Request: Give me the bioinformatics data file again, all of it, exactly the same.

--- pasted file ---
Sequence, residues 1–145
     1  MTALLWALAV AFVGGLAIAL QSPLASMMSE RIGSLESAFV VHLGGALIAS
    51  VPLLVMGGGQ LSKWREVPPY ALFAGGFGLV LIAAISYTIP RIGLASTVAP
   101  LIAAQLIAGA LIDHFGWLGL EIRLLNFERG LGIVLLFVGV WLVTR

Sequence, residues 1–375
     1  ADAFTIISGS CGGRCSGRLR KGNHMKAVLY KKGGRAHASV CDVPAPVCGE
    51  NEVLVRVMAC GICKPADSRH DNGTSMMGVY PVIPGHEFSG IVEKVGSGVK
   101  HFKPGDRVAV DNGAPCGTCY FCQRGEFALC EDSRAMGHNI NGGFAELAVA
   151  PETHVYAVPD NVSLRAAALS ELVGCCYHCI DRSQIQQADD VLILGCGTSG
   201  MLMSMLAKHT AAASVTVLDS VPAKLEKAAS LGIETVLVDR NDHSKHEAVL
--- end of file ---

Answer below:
Sequence, residues 1–145
     1  MTALLWALAV AFVGGLAIAL QSPLASMMSE RIGSLESAFV VHLGGALIAS
    51  VPLLVMGGGQ LSKWREVPPY ALFAGGFGLV LIAAISYTIP RIGLASTVAP
   101  LIAAQLIAGA LIDHFGWLGL EIRLLNFERG LGIVLLFVGV WLVTR

Sequence, residues 1–375
     1  ADAFTIISGS CGGRCSGRLR KGNHMKAVLY KKGGRAHASV CDVPAPVCGE
    51  NEVLVRVMAC GICKPADSRH DNGTSMMGVY PVIPGHEFSG IVEKVGSGVK
   101  HFKPGDRVAV DNGAPCGTCY FCQRGEFALC EDSRAMGHNI NGGFAELAVA
   151  PETHVYAVPD NVSLRAAALS ELVGCCYHCI DRSQIQQADD VLILGCGTSG
   201  MLMSMLAKHT AAASVTVLDS VPAKLEKAAS LGIETVLVDR NDHSKHEAVL